I've tried to give some business related expressions today, slang and jargon that would be recognized by almost anyone regardless of their business field.
dar o calote = to welsh (more common with bets than with debts), stiff
Samuel and I bet on the game. My team won, but Samuel didn't pay me what he had bet. He welshed on his bet.
The customer stiffed the bartender for the drinks, leaving the bar without paying for the drinks.
caloteiro = deadbeat
Jake is a deadbeat who never pays a bill if he can avoid it.
charlatão = scam artist, con artist, flim-flam man, charlatan, quack (said of doctors)
(a "scam", "con", or "flim-flam" is more or less a "trote" with money involved.)
To scam, con, flim-flam = to defraud, deceive, cheat, steal ("Scam" and "con" are often used humorously to mean to steal small things of little value, use, borrow, etc.
Jack, do you mind if I scam some coffee?
Mary, do you have a pen I can scam for a few minutes?
My dog is always trying to con me out of a bone.
That charlatan tried to scam me out of $5000 for an operation that I didn't need. That jerk is a quack!
the bottom line = the actual cost or profit in dollars and cents, the heart of the matter, the most important point of a subject
The bottom line is that we need at least five more salesmen before the first of the month.
The bottom line is that the new truck will pay for itself within six months.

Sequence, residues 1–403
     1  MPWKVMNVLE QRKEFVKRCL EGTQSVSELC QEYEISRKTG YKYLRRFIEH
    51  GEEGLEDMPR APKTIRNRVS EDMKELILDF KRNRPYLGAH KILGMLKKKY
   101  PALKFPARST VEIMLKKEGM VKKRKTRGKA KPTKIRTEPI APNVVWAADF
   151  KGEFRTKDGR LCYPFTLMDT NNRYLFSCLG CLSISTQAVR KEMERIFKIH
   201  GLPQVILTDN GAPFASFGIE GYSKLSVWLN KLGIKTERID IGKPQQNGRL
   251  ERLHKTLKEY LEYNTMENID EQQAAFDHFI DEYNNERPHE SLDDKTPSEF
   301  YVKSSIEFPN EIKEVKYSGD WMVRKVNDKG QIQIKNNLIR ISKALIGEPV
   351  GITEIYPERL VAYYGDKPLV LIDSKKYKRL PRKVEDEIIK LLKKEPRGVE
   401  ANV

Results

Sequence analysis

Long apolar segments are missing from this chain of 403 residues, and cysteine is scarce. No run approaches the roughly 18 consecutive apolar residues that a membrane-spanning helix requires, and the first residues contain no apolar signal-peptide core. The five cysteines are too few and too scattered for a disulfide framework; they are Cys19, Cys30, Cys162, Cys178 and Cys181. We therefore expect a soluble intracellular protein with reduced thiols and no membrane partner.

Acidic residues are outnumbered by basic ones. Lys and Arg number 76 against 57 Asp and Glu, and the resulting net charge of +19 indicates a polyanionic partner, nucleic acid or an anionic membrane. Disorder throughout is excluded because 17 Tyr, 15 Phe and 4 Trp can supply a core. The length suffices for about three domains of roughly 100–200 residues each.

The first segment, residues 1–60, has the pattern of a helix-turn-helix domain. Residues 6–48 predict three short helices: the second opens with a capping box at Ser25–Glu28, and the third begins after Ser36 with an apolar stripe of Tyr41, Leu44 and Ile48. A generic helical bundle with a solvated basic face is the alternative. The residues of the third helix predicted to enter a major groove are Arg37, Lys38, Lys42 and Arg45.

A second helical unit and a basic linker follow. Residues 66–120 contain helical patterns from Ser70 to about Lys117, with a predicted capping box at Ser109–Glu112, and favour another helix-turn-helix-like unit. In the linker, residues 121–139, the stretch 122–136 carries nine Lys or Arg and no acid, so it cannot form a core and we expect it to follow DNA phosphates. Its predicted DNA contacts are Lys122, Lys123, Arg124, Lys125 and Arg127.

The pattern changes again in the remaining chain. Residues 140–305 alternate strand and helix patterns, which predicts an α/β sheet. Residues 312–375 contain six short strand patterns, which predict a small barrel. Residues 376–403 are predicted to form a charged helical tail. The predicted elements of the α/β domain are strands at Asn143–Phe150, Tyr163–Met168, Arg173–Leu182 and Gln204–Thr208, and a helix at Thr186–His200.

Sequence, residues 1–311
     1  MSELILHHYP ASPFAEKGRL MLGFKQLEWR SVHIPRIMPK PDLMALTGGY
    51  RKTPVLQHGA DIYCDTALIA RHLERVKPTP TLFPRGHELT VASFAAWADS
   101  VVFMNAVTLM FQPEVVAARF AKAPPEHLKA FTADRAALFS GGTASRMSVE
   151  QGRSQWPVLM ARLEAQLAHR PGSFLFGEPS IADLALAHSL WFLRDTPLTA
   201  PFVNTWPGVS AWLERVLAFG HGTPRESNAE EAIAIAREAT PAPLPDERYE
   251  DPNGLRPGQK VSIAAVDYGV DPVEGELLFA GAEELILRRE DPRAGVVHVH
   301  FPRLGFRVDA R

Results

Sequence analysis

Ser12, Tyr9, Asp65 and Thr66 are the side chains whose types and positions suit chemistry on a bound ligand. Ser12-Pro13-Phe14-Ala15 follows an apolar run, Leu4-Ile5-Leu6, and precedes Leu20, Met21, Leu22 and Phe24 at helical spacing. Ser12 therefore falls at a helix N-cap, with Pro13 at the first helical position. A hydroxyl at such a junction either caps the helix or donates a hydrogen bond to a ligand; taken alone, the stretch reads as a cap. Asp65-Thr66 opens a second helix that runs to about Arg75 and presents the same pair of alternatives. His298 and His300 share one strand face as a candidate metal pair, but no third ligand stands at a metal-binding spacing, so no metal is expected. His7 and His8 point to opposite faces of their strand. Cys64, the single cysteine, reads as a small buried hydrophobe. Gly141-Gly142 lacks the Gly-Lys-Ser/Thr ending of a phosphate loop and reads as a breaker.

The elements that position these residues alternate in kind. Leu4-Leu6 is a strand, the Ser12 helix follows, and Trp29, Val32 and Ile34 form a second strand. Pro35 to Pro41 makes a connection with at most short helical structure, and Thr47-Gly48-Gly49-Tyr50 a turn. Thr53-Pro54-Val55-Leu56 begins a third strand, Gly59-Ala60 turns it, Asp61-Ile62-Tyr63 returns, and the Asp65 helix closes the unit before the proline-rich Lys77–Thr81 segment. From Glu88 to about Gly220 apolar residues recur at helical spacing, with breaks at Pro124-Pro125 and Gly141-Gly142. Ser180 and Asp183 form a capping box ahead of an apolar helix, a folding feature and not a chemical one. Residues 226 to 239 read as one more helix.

to split the difference = to compromise
You want to sell it to me for $1000 and I want to pay $500. Why don't we split the difference and say that the price is $750?
in the red = to show a loss, to be in debt
The store has been in the red since it opened in May.
in the black = to show a profit
For the past two months the restaurant has been in the black.
to bounce a check = to write a bad check (not enough money in the account)
N.S.F. = non-sufficient funds, not enough money in the account
That deadbeat's check bounced. It came back from the bank marked "N.S.F.".
to file Chapter Eleven = to declare bankruptcy
to have a fire sale = to have a special sale, sometimes selling things below cost
to pay a kick back = to return a portion of the money paid to you by someone else (Your firm sells R$100,000 of material each month to a company that builds houses. Someone in that companies demands that you pay him a R$2000 "kick back" per month or the company will buy the materials from another supplier. A worker is hired as a butcher by a supermarket. To keep the job, he must pay this boss a "kick back" of R$200 per month or he will be fired and someone else will get his job.)
to sweetheart = to charge without permission of the store a friend less than the correct price for a product
Mary was sweethearting her friends. If the perfume cost R$20, she charged them only $2.
It's difficult to sweetheart in Brazil due to the controls in larger stores.
shrinkage = in-house theft (literal meaning ="encolhimento")
Shrinkage, or theft by employees, accounted last year for a loss of over $15,000.
five-finger discount = shoplifting, theft from a store
The kid went into the store and took a five-finger discount, coming out with a new baseball cap.